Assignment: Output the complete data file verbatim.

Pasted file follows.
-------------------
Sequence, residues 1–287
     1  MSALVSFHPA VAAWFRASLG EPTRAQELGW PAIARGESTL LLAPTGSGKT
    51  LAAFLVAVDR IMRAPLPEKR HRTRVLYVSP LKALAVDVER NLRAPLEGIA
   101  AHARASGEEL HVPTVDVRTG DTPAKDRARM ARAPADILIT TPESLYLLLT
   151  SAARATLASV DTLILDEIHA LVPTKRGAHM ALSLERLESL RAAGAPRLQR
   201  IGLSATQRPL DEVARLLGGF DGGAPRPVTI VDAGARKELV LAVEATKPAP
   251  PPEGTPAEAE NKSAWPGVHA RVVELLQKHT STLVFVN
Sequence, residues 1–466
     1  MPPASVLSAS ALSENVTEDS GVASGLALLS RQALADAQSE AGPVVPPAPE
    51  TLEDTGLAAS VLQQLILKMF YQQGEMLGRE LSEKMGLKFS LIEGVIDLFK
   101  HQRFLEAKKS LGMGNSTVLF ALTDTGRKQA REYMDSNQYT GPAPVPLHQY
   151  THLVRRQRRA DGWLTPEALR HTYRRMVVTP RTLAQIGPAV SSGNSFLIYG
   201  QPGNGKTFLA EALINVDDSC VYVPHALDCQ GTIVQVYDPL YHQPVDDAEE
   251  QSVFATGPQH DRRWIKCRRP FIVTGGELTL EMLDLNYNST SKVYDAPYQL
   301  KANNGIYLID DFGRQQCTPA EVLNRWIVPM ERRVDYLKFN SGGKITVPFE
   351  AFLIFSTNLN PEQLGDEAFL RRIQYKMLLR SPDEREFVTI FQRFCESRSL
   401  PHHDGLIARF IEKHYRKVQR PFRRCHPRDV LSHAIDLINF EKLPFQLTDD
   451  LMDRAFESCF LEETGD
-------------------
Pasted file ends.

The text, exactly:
Sequence, residues 1–287
     1  MSALVSFHPA VAAWFRASLG EPTRAQELGW PAIARGESTL LLAPTGSGKT
    51  LAAFLVAVDR IMRAPLPEKR HRTRVLYVSP LKALAVDVER NLRAPLEGIA
   101  AHARASGEEL HVPTVDVRTG DTPAKDRARM ARAPADILIT TPESLYLLLT
   151  SAARATLASV DTLILDEIHA LVPTKRGAHM ALSLERLESL RAAGAPRLQR
   201  IGLSATQRPL DEVARLLGGF DGGAPRPVTI VDAGARKELV LAVEATKPAP
   251  PPEGTPAEAE NKSAWPGVHA RVVELLQKHT STLVFVN
Sequence, residues 1–466
     1  MPPASVLSAS ALSENVTEDS GVASGLALLS RQALADAQSE AGPVVPPAPE
    51  TLEDTGLAAS VLQQLILKMF YQQGEMLGRE LSEKMGLKFS LIEGVIDLFK
   101  HQRFLEAKKS LGMGNSTVLF ALTDTGRKQA REYMDSNQYT GPAPVPLHQY
   151  THLVRRQRRA DGWLTPEALR HTYRRMVVTP RTLAQIGPAV SSGNSFLIYG
   201  QPGNGKTFLA EALINVDDSC VYVPHALDCQ GTIVQVYDPL YHQPVDDAEE
   251  QSVFATGPQH DRRWIKCRRP FIVTGGELTL EMLDLNYNST SKVYDAPYQL
   301  KANNGIYLID DFGRQQCTPA EVLNRWIVPM ERRVDYLKFN SGGKITVPFE
   351  AFLIFSTNLN PEQLGDEAFL RRIQYKMLLR SPDEREFVTI FQRFCESRSL
   401  PHHDGLIARF IEKHYRKVQR PFRRCHPRDV LSHAIDLINF EKLPFQLTDD
   451  LMDRAFESCF LEETGD